In the last few weeks we have seen a rise in social media activism within the Somali community. Many important discourses have been explored and one such example is the #DearAbaayo discussion that went viral on twitter a couple of weeks ago. An astounding display of solidarity and love from one Somali woman to another, we were thrilled to see such amazing responses to topics that are not normally discussed in our community. To our pleasure, we got the chance to speak to our lovely friend and fellow Araweelo, Riya Jama, who indulged us with more insight as to why she started this discussion.
“The hashtag was birthed from a series of questions I found myself asking one painful night: "Where are spaces for women from my country? Where do we go to heal? Where do we go to be safe?" Thoughts of where do my fellow Araweelo's go when they need solidarity? What spaces do we dwell in and occupy? These are fundamental issues that plague us. For a long while I had been immune to this disconnect but once I found the strength to start healing, it was imperative to me to see representations of struggles that I knew I wasn't alone in suffering with.
#DearAbaayo was crafted with the ink of love and wielded with the pen of sisterhood that was desperately needed. It stemmed from the desire of needing women who looked like me to be able to have love notes written for us, to celebrate us, to honour us. Instead of being toxic towards each other, we could with unity heal each other by reminding Somali women that their voices matter. That they are valued members of a community that continuously seeks to erase their narratives. The only intent of this discussion is to remind us how beautiful it is when we stand together and support one another with love."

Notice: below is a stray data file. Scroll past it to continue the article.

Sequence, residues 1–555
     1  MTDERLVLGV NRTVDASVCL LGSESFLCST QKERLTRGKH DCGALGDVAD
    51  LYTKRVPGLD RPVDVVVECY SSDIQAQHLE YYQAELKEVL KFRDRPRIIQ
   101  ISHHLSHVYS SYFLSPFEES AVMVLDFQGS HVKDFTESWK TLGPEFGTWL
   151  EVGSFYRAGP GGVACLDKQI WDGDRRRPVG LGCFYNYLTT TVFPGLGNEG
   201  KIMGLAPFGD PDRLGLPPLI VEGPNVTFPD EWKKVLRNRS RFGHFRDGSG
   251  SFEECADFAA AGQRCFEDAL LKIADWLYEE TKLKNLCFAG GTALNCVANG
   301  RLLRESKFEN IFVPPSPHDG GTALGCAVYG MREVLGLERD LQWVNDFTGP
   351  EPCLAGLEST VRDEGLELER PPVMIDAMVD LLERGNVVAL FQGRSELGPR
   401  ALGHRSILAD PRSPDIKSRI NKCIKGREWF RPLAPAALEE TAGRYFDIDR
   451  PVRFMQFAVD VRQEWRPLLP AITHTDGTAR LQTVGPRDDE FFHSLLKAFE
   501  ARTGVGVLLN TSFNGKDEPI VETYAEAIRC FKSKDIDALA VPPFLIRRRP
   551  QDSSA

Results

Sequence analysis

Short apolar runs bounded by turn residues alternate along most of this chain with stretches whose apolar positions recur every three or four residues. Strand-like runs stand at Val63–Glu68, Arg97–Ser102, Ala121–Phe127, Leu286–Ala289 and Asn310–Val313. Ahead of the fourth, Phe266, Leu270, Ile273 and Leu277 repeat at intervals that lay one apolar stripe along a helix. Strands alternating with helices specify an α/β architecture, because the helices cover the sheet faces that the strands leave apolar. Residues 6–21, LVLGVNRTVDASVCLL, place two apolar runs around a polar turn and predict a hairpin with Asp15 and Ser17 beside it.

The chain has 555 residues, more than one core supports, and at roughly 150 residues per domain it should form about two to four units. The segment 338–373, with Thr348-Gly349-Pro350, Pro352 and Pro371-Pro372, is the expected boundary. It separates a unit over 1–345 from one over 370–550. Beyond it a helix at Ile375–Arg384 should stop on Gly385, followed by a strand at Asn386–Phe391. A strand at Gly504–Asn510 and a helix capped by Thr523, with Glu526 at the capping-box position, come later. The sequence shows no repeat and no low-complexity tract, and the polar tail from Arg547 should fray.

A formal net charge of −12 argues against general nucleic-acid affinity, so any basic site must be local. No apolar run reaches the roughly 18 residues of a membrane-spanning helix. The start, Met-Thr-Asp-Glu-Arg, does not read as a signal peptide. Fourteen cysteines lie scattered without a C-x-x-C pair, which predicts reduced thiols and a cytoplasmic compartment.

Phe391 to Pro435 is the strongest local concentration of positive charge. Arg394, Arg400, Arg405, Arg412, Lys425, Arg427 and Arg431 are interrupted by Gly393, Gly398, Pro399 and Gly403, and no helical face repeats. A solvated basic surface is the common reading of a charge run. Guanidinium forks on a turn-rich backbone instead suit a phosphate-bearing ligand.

In case you missed the discussion, here are a few tweets and thoughts from some of the girls who participated in the hashtag.
@lunarnomad: “I got involved in #DearAbaayo because as a Somali woman, I've heard the phrase "Gabar baa Tahay" one too many times. When I'm limited to do something because of my gender, it inspires me to prove them wrong. I am a diaspora girl, and my gender is not an obstacle, but a force to be reckoned with."
Hoda Awale - @hodaawale: "I tweeted this because survivors in our community are shamed for what happened to them and are silenced. I wanted girls with that internalized hate to know it's not their fault, ever."
Xalimo - @heauxlima: “I always see Somali girls bringing each other down because we are taught to be pitted against each other and to fight for attention. I tweeted that because I wanted to tell Somali girls that the is nothing better than keeping your own sisters close.”
This year has so far been filled with nothing but Somali women initiating discussions and changes in our community that have been long overdue and we love seeing the solidarity from our fellow Somalis. 2015 seems to be the year of the Araweelo’s and we can’t wait to see what else our sisters will achieve in the future!